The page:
Tarleton Gillespie, Microsoft Research; Cornell University
Mike Ananny (University of Southern California)
As social media platforms inseparably embed themselves in social life, a paradox emerges: they become both more powerful and harder to see. Critical inquiry into platforms and their relevance to society, when it occurs, is often colonized by the perspectives of platform makers themselves: the values that motivated them, and the cultures and ideologies that sustain their values in design, dominate the ways of understanding a platform’s significance. These systems, people, and values are too often out of reach of scholars whose job is to ‘to make explicit, orderly, consistent’and open to critical analysis’these ‘orientations’that are usually taken for granted by empirical researchers.’ (Calhoun, 1995, p. 5) We are left needing new empirically grounded critical modes of inquiry to describe and critique the invisible power of platforms.
We propose one such avenue by combining tools drawn from the study of infrastructures and exceptions. Information infrastructures, the ‘scaffolding in the conduct of modern life,’(Bowker & Star, 1999, p. 47) are the largely unseen social and technological forces governing public action. They are embedded, transparent, taken-for-granted, ruled by unquestioned standards, and visible only when seen as failing (Star & Ruhleder, 1996). Infrastructures want to persist.
Exceptions are the conceptual complements to infrastructures. They represent breaks in either the prescriptive rules governing action or the descriptive rules illustrating patterns (Schauer, 1991b). Exceptions show how some actors have power ‘to change rules and to avoid their constraints.’(Schauer, 1991a, p. 873) Exceptions aim to elide. Eventually, the patchwork of ‘bottom-up, relational processes’out of which exceptions emerge can lead to the ‘institutionalization of new rules’(Colyvas & Maroulis, 2015, p. 601) that can re-orient platforms, vacate guiding principles, re-structure power relations, or suggest the need for entirely new organizational forms.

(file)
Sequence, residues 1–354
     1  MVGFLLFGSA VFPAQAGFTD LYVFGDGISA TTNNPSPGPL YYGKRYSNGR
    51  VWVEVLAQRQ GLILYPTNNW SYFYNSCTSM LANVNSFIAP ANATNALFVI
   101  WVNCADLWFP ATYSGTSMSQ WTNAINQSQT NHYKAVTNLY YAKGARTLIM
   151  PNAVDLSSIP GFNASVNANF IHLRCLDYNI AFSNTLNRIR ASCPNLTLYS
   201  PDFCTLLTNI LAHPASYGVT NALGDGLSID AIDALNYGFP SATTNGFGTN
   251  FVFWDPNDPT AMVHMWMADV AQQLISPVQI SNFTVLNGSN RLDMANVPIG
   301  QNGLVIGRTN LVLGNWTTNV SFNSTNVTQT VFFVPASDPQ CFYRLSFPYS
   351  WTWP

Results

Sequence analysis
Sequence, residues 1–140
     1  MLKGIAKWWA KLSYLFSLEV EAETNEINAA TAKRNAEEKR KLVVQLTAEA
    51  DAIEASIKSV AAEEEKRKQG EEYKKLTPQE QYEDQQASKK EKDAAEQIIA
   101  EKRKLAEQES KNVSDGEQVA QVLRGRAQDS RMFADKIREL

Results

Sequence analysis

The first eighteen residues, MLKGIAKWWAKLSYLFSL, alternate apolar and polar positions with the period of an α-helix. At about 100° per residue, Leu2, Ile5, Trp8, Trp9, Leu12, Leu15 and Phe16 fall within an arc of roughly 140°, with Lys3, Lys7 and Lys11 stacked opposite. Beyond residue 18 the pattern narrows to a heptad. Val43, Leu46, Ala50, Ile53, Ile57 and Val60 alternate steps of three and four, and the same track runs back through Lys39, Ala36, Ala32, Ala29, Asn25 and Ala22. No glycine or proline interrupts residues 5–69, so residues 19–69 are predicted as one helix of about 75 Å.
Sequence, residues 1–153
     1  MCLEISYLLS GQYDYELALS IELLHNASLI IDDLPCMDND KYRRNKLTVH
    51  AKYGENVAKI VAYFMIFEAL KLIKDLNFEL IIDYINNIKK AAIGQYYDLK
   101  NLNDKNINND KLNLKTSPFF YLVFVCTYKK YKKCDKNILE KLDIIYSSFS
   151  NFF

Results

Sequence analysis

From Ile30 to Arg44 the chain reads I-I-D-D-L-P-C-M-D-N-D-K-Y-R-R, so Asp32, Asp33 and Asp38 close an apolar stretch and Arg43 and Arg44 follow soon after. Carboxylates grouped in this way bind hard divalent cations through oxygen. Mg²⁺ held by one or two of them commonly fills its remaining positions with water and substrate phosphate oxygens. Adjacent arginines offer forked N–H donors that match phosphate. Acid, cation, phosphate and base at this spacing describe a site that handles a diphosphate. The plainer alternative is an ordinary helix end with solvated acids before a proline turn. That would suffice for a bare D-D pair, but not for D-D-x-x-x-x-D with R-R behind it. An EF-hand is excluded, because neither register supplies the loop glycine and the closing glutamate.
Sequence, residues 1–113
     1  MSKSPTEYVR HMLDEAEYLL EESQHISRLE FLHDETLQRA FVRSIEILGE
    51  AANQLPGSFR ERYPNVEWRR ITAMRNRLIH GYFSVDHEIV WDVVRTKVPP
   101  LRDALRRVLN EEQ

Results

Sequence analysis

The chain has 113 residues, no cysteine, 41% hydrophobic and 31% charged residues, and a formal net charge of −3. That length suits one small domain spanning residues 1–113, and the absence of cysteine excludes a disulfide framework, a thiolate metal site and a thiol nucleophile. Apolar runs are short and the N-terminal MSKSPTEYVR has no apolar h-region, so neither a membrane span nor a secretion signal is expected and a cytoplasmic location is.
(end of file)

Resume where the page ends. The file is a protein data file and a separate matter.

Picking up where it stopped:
To understand the power and invisibility of platforms, then, we must study how they change. When the ‘rules’governing platforms’everything from algorithmic codes to social norms to regulatory regimes’bend or break, some platform dynamics are seen as immutable, essential, uncontroversial’infrastructural’while others are malleable, contingent, and contestable’exceptional. Fissures thus become diagnostic: ways to see which aspects of platforms are ‘inside’a domain of power, beyond the reach of critics, and stable; which are ‘outside’and changeable only through exogenous events and critical agents; and which set of social, technological, and organizational arrangements become the ‘obligatory points of passage’through which changes must flow. (Law & Bijker, 1992)
We focus our inquiry on two types of platform exceptions: reversals (when norms of acceptability, government oversight, and commercial pressure cause social media platforms to voluntarily overturn their own normative principles) and conversions (when social media platforms adjust policies, revise algorithms, and alter patterns of use in order to standardize exceptions into new platform procedures).
When do platforms refuse participation? The governance of social media platforms is founded on a contradiction: make an open space for speech and participation, by deleting content and suspending users. Platforms are now in a pitched battle against trolls, pornographers, harassers, and racists’not just to identify and inhibit them, but to position them as misusers of otherwise progressive and healthy information infrastructures (Brunton, 2013).
There is no more powerful glimpse into this tension than around extremist content. Terrorist organizations employ social media in powerful ways, to circulate their beliefs, lure new recruits, and spread fear and uncertainty. From one view, they undermine the principles animating social media: open debate, democratic participation, global understanding. On the other hand, they respond to the very same invitation to connect and participate that social media have long offered: express your beliefs without intermediaries, connect to those you otherwise could not, form lasting and meaningful global bonds. They are, in the extreme, power users. "